Museum Needs Publics Help to Restore Local Artifact - WVVA TV Bluefield Beckley WV News, Weather and Sports

Museum Needs Publics Help to Restore Local Artifact

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CRAB ORCHARD (WVVA) -Crab Orchard Museum has a significant wagon worthy of rescue and the Virginia Association of Museums has a program to focus attention on artifact preservation, but the museum needs the public's help to call attention to the project.

"If our mission is to preserve and promote Appalachian cultural heritage, artifact preservation must be at the heart of that mission," says Charlotte Whitted, Executive Director. "If we lose significant artifacts to time and the elements, we lose the foundations and the proof of the stories we tell."

The Commonwealth of Virginia began a project in 2011 that offered museums and archives an opportunity to raise awareness for endangered artifacts. This program, run by the Virginia Association of Museums and the Virginia Collections Initiative, is called Virginia's Top Ten Endangered Artifacts. It works to help museums to gain support in their quest to preserve and restore their artifacts. This year, the Historic Crab Orchard Museum entered an artifact that was selected, along with 21 others, to be considered for Top Ten Status.

The program allows and encourages participation from the people in the communities the artifacts are nominated in; as well as the Top Ten, there is also a People's Choice award. Everyone is encouraged to log on to www.vatop10artifacts.org

Voting began on August 1st and will last until August 29th; there is no limit to the number of times an individual can vote.

All of the artifacts will be reviewed by an independent panel of judges who will make the final decision about which artifacts will be placed in the Top Ten; if two entries are seen as equally important, the People's Choice voting can work in favor of one artifact over another. The final Top Ten List will be released in September 2012.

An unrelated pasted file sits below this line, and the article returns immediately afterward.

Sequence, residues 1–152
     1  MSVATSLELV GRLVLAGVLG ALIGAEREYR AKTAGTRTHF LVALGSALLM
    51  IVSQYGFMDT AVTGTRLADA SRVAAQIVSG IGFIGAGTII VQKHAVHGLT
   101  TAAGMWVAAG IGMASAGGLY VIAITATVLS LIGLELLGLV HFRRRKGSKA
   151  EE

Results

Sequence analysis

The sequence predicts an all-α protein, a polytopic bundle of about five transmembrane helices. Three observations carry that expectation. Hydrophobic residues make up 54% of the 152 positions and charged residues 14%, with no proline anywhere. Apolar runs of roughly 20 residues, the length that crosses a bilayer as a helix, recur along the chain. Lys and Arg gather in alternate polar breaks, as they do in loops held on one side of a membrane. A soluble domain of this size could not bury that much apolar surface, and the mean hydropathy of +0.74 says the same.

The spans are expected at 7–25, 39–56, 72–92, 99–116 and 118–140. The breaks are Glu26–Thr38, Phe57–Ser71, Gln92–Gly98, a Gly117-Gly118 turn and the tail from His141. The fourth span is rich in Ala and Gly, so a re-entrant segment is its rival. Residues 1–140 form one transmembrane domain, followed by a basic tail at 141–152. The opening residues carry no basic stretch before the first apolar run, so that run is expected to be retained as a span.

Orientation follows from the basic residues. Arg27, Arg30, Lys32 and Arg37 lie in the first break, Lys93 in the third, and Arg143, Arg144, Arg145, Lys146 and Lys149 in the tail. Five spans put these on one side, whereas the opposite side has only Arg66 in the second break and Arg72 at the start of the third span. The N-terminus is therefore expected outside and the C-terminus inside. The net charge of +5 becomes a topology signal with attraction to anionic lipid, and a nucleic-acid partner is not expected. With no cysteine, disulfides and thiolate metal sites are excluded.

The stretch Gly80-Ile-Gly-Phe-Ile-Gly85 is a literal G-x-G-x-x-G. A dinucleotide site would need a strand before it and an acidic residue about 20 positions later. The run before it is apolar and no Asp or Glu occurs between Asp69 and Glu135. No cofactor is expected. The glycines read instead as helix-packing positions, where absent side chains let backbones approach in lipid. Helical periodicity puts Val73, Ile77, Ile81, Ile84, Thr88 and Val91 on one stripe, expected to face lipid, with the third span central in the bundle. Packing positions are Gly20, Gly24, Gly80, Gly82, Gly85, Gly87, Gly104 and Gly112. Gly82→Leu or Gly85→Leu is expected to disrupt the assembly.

The artifact nominated by the Historic Crab Orchard Museum is a wagon that would have been used between the years of 1880 and 1910 to carry rocks and other materials to repair roads. This wagon was used in Tazewell County and it was likely used in the construction and repair of the Wilderness Road/Fincastle Turnpike; the road used by migrants in their journey to the West. This road became Rt. 19/460, which runs in front of Crab Orchard Museum.

The rock wagon is one of two used for this purpose that are still in existence. It is in need of repairs, but the iron is the original and is in pretty good condition. The wood and wheels are in need of serious repairs; the Museum hopes to use the Top Ten status, if it is selected, as a way to raise money and awareness so that the necessary repairs can be made. "Woodworker Richard Vogel has offered his assistance in repairing the wagon and is helping to locate a wheelwright too. Our members and volunteers recognize the value of this artifact and are enthusiastic about the possibility of saving it."

The museum encourages those who appreciate our regional history to vote on-line. "Vote early and vote often," says Whitted. "This is a chance for national attention to be drawn to the significance of Appalachian heritage, and we are competing for that attention with other significant artifacts and prominent institutions across the Commonwealth. With your help we can shine a light on this end of the state."

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